Jamie Roberts admits leaving Cardiff Blues in 2013 was one of the toughest decisions he’s had to make in his career to date.
Roberts was a guest on the debut episode of Cardiff Blues’ new Welsh language podcast, which was launched yesterday as part of an ongoing strategy to enhance the use of Welsh in various aspects of the business.
On the podcast, which is available on all major platforms, the former Wales centre chats about the public perception of his playing style, coming through the regional system and an impressive life CV, which has taken him to all four corners of the globe.
He also touched upon the difficult decision he made to depart his home region in 2013, joining French giants Racing 92, but admits he’s always wanted to make the most of what life throws at him.
“Leaving Cardiff Blues was one of the toughest decision I’ve had to make in my life. I grew up in Cardiff, played for the Blues for eight years and having also gone to university there as well, I’d never left the city,” said the former Arms Park favourite.
“Racing came in with an offer for me after Wales won the Grand Slam in 2012 and it was a very difficult decision to leave a club that gave me so much as a youngster.
“But I was growing up, and I told myself, if I was ever going to enjoy different experiences, now was the time to do it.
“I’d graduated, I was 26 years old and if I stayed in Cardiff there was a chance that I’d never leave the city and experience different cultures.
“I love to travel and having a taste of different experiences and places across the world, so it was a perfect opportunity.
“Living in a city like Paris, with a different language, a different culture and a completely different style of rugby.
“It was an opportunity to challenge myself on a variety of levels of my life. I had a fantastic two years out there, both on the field and off it.
“But yes, looking back it was one of the toughest decisions I’ve made.”
From being in the company of world famous celebrities at the Monaco Grand Prix to living on the amazing South African coastline in Cape Town, Roberts reveals the highlights of a pretty impressive life CV.
On the pitch, he’s played alongside iconic stars of his generation, representing Cardiff Blues, Wales, British & Irish Lions, Racing 92, Harelquins, Bath and Stormers.
However, when asked about the players he’s enjoyed linking up with over the years, Roberts admits they’ve all got individual attributes which made them special team-mates.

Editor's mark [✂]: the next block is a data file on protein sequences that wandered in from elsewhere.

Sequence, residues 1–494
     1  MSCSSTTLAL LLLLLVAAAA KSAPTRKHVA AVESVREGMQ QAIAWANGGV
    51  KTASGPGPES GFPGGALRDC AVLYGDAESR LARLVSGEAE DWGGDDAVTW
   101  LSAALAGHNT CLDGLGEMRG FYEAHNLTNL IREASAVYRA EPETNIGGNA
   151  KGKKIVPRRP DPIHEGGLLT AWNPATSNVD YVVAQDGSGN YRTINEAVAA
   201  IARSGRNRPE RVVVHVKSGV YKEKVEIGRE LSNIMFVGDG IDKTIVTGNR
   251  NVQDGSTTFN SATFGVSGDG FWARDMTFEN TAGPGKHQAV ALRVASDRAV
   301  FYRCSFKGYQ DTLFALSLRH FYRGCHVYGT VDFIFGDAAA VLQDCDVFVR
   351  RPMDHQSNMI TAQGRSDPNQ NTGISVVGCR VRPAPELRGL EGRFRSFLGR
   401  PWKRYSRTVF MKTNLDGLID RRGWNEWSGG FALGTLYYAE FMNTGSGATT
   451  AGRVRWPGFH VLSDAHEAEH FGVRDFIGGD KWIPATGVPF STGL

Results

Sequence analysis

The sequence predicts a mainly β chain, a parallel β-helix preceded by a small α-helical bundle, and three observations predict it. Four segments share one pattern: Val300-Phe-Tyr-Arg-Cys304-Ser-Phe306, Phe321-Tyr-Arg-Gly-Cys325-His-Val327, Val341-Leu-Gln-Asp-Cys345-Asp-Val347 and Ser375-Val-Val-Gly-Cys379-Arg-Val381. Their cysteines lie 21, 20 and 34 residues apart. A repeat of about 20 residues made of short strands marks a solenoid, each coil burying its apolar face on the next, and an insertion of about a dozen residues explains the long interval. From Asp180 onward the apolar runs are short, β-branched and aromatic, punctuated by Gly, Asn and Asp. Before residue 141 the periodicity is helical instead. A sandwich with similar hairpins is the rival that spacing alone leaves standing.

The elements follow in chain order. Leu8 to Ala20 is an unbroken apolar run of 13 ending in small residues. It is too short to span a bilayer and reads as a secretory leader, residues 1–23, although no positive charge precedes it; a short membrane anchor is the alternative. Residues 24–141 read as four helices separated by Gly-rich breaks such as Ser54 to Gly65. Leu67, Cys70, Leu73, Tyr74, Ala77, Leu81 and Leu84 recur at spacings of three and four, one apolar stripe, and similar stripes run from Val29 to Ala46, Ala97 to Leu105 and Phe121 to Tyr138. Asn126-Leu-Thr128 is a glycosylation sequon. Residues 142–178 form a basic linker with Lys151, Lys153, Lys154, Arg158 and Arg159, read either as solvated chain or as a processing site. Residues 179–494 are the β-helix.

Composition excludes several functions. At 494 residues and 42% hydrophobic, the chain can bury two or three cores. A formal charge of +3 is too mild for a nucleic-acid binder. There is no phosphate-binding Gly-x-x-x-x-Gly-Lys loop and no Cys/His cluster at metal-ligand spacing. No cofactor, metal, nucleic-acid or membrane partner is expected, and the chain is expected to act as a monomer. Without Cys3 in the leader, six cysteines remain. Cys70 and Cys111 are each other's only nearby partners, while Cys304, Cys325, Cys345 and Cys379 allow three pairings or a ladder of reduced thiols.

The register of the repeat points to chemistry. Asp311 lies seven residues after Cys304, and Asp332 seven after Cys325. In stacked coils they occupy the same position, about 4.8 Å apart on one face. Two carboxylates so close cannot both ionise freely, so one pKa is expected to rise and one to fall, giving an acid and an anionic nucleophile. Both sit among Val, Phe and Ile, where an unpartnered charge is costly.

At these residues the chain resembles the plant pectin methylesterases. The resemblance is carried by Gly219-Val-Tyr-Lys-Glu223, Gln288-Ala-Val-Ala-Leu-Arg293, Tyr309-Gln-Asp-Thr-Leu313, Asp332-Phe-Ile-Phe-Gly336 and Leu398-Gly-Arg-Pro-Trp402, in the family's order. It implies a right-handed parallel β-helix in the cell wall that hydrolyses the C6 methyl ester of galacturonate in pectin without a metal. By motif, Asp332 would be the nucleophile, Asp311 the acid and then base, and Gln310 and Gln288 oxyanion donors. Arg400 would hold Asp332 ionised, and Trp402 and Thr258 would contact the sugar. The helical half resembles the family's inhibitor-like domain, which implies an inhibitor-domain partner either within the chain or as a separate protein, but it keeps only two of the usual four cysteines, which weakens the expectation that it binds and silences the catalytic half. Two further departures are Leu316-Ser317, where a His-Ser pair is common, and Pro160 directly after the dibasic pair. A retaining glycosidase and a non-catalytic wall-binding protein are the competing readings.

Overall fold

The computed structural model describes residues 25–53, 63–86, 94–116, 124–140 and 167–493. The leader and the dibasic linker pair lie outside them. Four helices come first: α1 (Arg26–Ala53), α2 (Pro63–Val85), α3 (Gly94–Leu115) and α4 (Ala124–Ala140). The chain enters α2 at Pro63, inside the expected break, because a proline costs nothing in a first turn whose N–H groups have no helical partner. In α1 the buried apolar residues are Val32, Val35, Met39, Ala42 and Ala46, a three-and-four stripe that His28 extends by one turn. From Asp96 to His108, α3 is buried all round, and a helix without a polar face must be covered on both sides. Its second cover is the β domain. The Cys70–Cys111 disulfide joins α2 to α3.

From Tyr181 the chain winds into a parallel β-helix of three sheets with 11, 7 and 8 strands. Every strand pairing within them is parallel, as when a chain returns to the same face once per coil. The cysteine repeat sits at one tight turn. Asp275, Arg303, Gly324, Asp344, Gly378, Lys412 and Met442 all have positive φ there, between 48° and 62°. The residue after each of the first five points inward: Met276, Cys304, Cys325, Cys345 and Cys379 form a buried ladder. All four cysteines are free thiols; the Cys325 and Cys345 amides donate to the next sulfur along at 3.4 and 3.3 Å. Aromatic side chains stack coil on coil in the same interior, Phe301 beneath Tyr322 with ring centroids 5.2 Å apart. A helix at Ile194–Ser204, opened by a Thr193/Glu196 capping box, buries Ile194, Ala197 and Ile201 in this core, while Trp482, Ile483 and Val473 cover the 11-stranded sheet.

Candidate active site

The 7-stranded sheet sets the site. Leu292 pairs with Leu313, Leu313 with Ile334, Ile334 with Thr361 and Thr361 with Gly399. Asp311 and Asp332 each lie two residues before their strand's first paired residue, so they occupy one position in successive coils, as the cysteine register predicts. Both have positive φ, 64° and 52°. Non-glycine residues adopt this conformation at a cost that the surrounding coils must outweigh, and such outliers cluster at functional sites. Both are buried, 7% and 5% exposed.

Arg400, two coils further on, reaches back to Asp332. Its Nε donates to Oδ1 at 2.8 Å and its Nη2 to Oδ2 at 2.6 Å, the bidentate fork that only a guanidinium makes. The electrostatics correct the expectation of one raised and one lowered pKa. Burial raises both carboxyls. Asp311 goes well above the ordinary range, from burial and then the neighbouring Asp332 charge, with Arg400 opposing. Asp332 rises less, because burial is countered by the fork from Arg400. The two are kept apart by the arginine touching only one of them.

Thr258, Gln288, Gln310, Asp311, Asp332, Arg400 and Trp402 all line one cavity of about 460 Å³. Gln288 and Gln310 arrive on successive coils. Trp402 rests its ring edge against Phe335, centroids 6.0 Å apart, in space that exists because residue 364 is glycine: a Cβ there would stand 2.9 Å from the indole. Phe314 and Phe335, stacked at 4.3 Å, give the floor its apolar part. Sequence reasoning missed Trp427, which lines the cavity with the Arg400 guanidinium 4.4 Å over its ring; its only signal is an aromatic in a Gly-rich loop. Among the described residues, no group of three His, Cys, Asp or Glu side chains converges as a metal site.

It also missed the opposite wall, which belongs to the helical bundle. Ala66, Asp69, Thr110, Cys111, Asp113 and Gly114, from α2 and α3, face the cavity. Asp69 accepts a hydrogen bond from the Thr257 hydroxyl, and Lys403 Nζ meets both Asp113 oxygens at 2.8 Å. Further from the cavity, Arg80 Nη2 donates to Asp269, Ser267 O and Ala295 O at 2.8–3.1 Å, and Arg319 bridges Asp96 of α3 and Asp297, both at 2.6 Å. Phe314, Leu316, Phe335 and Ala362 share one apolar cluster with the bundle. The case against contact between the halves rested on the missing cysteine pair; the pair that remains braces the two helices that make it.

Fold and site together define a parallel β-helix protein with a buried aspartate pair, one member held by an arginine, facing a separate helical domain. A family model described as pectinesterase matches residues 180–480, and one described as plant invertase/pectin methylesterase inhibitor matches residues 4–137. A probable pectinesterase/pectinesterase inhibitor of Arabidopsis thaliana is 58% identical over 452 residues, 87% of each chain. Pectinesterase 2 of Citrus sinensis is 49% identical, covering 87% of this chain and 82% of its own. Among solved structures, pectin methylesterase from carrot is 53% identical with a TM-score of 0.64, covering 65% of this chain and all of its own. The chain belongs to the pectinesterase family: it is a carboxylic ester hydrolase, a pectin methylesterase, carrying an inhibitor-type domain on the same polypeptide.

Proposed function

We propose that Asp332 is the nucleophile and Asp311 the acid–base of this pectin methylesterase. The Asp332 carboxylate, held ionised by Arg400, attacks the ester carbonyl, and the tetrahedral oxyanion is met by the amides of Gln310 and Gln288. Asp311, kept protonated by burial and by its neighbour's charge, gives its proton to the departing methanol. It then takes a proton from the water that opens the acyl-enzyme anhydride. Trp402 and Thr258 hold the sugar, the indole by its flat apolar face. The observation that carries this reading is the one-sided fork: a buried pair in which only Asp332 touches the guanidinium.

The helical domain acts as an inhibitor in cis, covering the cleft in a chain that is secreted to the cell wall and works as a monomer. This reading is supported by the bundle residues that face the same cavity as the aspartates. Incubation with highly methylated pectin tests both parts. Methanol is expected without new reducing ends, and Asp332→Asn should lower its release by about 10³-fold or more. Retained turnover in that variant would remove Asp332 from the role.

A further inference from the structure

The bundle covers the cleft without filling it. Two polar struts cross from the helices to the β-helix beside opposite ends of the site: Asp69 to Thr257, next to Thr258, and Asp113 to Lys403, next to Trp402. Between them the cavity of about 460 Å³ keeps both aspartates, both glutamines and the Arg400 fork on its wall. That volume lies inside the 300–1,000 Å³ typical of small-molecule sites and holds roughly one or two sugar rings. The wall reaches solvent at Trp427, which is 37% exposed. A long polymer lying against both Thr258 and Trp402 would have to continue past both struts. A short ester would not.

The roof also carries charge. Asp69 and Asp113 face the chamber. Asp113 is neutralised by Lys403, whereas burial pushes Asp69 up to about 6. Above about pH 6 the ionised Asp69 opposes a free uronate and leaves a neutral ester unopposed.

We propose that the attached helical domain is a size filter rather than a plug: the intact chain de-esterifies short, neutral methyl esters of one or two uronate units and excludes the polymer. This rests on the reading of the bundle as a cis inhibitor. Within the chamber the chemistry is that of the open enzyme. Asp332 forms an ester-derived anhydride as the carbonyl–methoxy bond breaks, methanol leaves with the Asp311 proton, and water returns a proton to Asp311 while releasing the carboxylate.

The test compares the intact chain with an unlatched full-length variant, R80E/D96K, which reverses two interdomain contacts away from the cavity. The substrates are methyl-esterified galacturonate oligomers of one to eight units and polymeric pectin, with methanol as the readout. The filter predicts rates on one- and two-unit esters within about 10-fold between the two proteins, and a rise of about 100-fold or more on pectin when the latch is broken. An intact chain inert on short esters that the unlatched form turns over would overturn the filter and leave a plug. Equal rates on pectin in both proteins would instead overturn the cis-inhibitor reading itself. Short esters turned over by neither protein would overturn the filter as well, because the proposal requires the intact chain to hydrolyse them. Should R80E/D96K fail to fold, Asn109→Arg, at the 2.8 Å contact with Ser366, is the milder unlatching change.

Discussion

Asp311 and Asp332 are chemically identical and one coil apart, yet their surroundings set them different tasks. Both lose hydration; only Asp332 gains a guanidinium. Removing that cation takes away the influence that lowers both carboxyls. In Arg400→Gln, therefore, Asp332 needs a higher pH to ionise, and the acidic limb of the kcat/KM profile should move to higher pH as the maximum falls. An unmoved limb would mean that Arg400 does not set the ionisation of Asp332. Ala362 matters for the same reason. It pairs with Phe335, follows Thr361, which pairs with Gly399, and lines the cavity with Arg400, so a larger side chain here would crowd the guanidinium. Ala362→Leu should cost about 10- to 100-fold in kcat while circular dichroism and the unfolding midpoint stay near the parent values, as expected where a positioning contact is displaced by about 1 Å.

The former Glantaf pupil added: “It’s a tough one to answer, because each player brings something different to the game.
“Boys like Stephen Jones and Rhys Priestland were great at playing flat and close to the gain line, and they had the ability and accuracy to throw those late passes if you’ve ran a nice angle.
“They created space for those around them with their ability to run straight and fix defenders.
“Tom Shanklin played a huge role in my development, there’s no doubt about that. He was the one who showed me the ropes when it came to playing in midfield.
“Casey Laulala came over to play for Cardiff Blues for a number of seasons and he was great at using his footwork. I came to know Casey very well and we’re still good friends today.
“If you track Casey Laulala on his inside, then you know the offload is going to be there 90 per cent of the time. He was able to use his feet but was also able to always look to offload.
“I played with Jonathan Davies, who I felt I had a really good partnership with. It was easy to play with Jon.
“He started in 2009 with Wales and over the next three or four years he had made huge progress in the centre, and he’s still an important player for Wales today.
“The main thing I noticed when playing with Brian O’Driscoll was the way he communicated on the pitch.
“He’d make the correct decision pretty much 100 per cent of the time, but managed to communicate and make the game simple, and I certainly learnt a lot from that.
“You learn about how to read the game, making the correct calls at the correct times, and that will come with experience. When you’re young, there might be tendency to panic or get stressed about making those calls.
“There is pressure on you as a youngster. You are playing alongside experienced players who expect the highest standards, like Gethin Jenkins and Martyn Williams. The pressure was there to match those standards and play at the level they expect.
“When I look at boys that I played with and learnt from - like Nicky Robinson, Richie Rees and Jason Spice - they were experienced when I broke onto the scene, and I’m grateful for the opportunity to play with those boys.”
All episodes of the Cardiff Blues Podcast, including the debut episode of the Welsh language Podcast, are available now on all major platforms.